Spindle Law is a U.S. project to facilitate legal research by getting a community of lawyers to lay down the bones of areas of law in a hierarchical online treatise. Let me unpack that notion for you. To help me understand what Spindle is doing, I spoke to David Gold, the CEO and one of the founders of Spindle. At one level the notion is simple and straightforward: legal professionals join Spindle and, much as with Wex, the Legal Information Institute's encyclopedia, members contribute to the building of a database. However, unlike Wex, which aims to meet the needs of a broad and largely lay audience, Spindle aims at working professionals with a high degree of expertise. As a member's contributions get affirmed and approved by others, so that member's freedom to edit grows.
Spindle is still in the alpha stage of development.
Spindle's aim is to help lawyers locate themselves fairly precisely within a body of law, pointing to the cases and the parts of statutes that deal with the issues being researched. At the moment there are two fairly fleshed-out areas, securities and evidence, with others being worked on and still others promised. The job of contributing members is to distill principles from cases and organize them in a useful hierarchy, so that researchers can drill down to the needed level of specificity, find putatively relevant cases, and then go from there on their own. You can get some idea from the graphic below, showing a patch of the hierarchy concerning evidence.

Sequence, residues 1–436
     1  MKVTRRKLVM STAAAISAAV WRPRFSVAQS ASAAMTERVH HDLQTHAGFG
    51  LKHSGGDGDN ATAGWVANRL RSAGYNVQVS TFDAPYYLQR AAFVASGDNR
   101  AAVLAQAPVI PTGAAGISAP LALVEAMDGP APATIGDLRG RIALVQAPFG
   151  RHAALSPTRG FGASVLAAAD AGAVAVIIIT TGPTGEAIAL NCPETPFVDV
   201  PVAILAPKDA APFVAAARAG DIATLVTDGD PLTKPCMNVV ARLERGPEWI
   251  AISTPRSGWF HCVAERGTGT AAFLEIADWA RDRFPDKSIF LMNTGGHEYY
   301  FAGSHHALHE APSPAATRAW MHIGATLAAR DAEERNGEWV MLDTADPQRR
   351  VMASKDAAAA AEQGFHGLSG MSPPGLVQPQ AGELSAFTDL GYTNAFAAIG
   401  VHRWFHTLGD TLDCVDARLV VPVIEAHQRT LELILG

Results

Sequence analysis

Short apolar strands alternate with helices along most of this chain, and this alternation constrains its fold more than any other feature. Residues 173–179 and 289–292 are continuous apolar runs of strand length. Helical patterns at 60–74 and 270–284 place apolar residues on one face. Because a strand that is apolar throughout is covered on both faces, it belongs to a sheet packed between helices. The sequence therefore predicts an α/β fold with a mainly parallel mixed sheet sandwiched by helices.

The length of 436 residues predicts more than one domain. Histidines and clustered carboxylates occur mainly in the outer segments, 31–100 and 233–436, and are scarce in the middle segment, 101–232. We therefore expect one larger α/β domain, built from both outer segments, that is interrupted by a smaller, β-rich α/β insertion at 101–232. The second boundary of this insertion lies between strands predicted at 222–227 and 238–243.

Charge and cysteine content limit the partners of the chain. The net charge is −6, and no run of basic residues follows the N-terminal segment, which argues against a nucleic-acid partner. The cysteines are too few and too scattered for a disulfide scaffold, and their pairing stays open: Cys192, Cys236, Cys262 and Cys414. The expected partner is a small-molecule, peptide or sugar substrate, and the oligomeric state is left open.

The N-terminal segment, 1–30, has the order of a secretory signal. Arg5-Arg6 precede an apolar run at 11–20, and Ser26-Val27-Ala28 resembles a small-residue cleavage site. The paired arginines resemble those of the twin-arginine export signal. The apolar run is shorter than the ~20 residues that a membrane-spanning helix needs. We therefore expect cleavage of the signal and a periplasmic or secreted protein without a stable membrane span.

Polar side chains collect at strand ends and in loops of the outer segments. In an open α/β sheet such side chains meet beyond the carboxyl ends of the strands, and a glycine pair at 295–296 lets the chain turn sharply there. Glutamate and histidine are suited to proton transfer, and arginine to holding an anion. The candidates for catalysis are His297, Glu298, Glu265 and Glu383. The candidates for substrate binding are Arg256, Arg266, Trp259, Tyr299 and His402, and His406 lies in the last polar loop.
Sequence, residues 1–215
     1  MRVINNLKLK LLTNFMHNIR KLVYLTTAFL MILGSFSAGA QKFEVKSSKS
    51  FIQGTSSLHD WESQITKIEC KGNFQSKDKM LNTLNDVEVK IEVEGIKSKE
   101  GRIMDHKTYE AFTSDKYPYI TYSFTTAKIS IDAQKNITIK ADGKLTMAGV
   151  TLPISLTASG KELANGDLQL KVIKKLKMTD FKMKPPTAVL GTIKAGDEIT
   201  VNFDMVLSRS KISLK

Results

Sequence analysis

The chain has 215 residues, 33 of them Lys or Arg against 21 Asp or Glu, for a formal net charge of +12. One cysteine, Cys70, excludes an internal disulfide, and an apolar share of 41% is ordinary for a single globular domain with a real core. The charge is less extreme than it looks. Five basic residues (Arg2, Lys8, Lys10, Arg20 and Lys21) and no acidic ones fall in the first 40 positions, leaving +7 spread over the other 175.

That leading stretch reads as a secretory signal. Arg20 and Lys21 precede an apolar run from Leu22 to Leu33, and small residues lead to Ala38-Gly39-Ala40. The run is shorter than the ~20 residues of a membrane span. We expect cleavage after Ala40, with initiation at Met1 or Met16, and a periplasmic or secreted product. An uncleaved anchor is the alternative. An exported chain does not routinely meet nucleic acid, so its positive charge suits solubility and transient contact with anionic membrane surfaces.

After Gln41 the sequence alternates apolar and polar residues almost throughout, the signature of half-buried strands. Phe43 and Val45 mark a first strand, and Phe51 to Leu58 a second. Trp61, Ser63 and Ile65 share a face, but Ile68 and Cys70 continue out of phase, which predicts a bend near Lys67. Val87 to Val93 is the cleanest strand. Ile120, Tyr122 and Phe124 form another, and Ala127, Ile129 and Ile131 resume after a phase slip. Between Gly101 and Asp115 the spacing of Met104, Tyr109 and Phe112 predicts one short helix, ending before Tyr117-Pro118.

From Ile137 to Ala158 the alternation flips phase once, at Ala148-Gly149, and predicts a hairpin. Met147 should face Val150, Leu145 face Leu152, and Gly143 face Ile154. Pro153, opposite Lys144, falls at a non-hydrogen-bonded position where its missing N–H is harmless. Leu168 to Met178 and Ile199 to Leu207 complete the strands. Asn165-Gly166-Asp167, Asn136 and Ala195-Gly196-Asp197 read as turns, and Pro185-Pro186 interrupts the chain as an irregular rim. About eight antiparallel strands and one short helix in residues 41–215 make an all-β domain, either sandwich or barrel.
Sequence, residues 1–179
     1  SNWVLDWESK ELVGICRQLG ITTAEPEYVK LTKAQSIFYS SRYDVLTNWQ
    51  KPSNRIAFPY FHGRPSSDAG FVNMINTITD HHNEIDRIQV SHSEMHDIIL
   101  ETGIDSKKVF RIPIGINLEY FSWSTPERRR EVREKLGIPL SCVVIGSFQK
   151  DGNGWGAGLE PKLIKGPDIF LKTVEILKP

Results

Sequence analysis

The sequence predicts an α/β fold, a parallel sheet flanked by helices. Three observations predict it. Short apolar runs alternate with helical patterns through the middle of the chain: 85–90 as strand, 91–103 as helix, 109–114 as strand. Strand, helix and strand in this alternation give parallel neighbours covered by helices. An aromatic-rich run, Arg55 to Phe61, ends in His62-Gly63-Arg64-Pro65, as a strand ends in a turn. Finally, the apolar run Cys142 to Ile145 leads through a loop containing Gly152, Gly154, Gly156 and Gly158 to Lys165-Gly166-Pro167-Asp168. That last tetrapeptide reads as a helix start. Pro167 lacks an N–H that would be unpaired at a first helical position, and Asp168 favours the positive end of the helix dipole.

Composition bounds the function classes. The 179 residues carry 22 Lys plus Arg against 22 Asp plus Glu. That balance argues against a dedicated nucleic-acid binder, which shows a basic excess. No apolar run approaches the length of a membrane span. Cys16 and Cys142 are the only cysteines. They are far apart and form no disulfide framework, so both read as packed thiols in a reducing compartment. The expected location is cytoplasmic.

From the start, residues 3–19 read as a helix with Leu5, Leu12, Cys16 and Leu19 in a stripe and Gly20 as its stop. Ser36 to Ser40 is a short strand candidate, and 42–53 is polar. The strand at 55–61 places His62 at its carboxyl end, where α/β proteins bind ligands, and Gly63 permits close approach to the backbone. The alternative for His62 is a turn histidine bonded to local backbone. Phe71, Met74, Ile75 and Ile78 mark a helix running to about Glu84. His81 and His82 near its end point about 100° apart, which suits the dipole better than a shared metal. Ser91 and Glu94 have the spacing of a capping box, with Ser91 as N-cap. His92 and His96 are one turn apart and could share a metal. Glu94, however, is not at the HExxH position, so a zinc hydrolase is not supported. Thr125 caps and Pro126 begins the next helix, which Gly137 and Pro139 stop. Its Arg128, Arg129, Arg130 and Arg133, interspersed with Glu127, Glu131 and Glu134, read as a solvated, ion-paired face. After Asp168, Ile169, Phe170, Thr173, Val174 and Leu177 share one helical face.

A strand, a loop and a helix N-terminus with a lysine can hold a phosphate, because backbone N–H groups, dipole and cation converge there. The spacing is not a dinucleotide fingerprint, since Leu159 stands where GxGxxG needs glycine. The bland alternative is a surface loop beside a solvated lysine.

At the final level a proposition is displayed and cases are cited that support that proposition. Spindle doesn't provide you with the text of any decisions, but rather directs you in a popup to free and pay sources.
This is a very bare bones description of a highly sophisticated setup. At every turn there are icons and other guides to explain and amplify what you're seeing. Everything works. And a lot of thought has gone into the arrangements for verifying the accuracy and worth of the propositions contributed.
As a former academic, I know how easy it can be to disparage attempts to approach certainty in the law, even ones that only hold your hand up to a point. This attempt has merit. It doesn't speak with a single, edifying voice, the way that a treatise by a single author might. But a great deal of care has gone into its construction; and it does, I think, offer a good and valuable structure for tapping the wisdom of a fairly exclusive crowd, which is no bad thing. I think it will be a boon to busy practitioners and students, if only those who are seeking confirmation that their research or understanding is on the right track.
David Gold was kind enough to offer to talk to any of our readers who have an interest in contributing or even just in understanding what Spindle Law is attempting. But sign up — it's free — and explore on your own first.